What Does it Mean to Know the Truth?
The Western world worships the intellect. We prize rational thought. We believe that we can come to know and understand anything through logic and observation. This is directly the opposite of what Biblical writers meant when they spoke of “knowing” something. To know something in the Hebrew culture means to become that thing – to do that thing. The idea that you could read someone else’s teachings and repeat them to show that you understood the teachings would have been preposterous to them.
In Jesus’ time, when a boy wanted to study under a rabbi, he would go and plead to study under him. The rabbi would then test the boy to see if he was an acceptable candidate. If he was, he would enter a long period of training. The purpose of this training was not to simply show you could repeat back to the rabbi what he taught you to prove you had learned and mentally understood it. It was to learn to be just like the rabbi. Only through this experiential living, could he really know what the rabbi knew and understand what the rabbi was teaching.
Jesus had His disciples drop everything and live every moment of their lives with Him for three years in order to train them. Even after these three years with the greatest teacher in the history of mankind, their training was woefully incomplete. They had barely changed. When Jesus’ time of trial and crucifixion came, all but one ran away like scared cats.
Yet, after they received the Holy Spirit, He transformed them into men who changed the course of history. As they sought God and experienced life, He gave them wisdom. The Holy Spirit reminded them of teachings Jesus had shared which before had just been words. They became men who knew God and their calling in His Kingdom.
What changed? Yes, they had seen Jesus alive after death, and I’m sure this was a huge encouragement. But more than this, they were changed by the gradual workings of the Holy Spirit, teaching and growing them; something that hadn’t happened through three years of hearing Jesus teach. They came to understand the words Jesus had previously spoken though obedient living, experience, and the revelation of knowledge.
Real wisdom and understanding are realized from doing. Not from thinking about how something works.
Personally, God gave me knowledge (wisdom & understanding) after I was obedient in doing. Some of these things I would believe were good before I did them. But in others, I didn’t really see the value in changing the way I lived. Regardless, in all cases, as I submitted myself in obedience to this new way of living, I gained a real understanding that each of these things added up to a better way of life. God understands how He made us. He gives us these guidelines because He knows what will make us most happy and prosperous.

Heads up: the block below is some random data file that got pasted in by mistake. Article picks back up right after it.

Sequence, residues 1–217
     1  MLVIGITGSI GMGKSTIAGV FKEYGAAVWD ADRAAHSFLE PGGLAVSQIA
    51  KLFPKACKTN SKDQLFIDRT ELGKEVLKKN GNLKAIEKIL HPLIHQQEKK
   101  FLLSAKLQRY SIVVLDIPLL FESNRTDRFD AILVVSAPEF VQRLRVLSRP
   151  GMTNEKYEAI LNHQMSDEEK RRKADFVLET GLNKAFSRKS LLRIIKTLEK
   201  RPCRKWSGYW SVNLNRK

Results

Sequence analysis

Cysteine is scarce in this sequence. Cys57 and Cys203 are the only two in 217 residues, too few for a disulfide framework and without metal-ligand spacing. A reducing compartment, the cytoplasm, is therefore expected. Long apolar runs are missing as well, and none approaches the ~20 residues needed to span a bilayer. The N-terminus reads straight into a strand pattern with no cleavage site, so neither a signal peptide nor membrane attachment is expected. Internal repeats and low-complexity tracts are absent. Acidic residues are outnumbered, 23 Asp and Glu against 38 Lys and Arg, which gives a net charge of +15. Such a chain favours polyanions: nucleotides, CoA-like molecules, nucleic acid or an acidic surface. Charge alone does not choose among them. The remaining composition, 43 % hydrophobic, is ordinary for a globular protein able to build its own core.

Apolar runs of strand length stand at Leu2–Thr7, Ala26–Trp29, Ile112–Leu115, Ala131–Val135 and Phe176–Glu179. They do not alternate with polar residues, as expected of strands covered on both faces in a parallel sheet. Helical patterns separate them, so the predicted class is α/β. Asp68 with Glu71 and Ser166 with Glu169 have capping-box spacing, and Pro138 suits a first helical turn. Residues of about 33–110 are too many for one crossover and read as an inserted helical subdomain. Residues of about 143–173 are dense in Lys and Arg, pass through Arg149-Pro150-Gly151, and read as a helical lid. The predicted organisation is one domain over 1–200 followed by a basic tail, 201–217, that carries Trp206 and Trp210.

James explained it this way:
“Do not merely listen to the word, and so deceive yourselves. Do what it says. 23Anyone who listens to the word but does not do what it says is like a man who looks at his face in a mirror 24and, after looking at himself, goes away and immediately forgets what he looks like. 25But the man who looks intently into the perfect law that gives freedom, and continues to do this, not forgetting what he has heard, but doing it–he will be blessed in what he does.” James 1:22-25
What I’m suggesting is not the easiest or most immediately gratifying path. But if we want to grow closer to God, we need to be open to finding those areas of our life in which we are not being obedient to His word and sacrifice our desires or fears of the moment and have faith that He has a better way for us. He will make it clear what areas those are for you when you desire more of Him. In doing this, we come to know God in a real way and find more peace, joy and even freedom than we knew was possible before.
The same is true in the financial arena. There are a preponderance of talking heads out there espousing a variety of financial truths. They feel wise because they’ve spent more time thinking about these things than others and therefore are quite confident to tell you what you should be doing financially. I was one of them. The problem is that most of the prevalent financial theory out there doesn’t work in real life. Through doing, if you pay attention, you can begin to understand something more than what is possible through rote, book knowledge. After years of the traditional advice falling short of expectation, we began to apply other methods.
Other articles in this newsletter:
A column putting today’s bruised economy in spiritual perspective
A detialed review of what it means to steward your money to better facilitate your walk
An interview with a financial expert highlighting a cash flow oriented product with tremendous tax benefits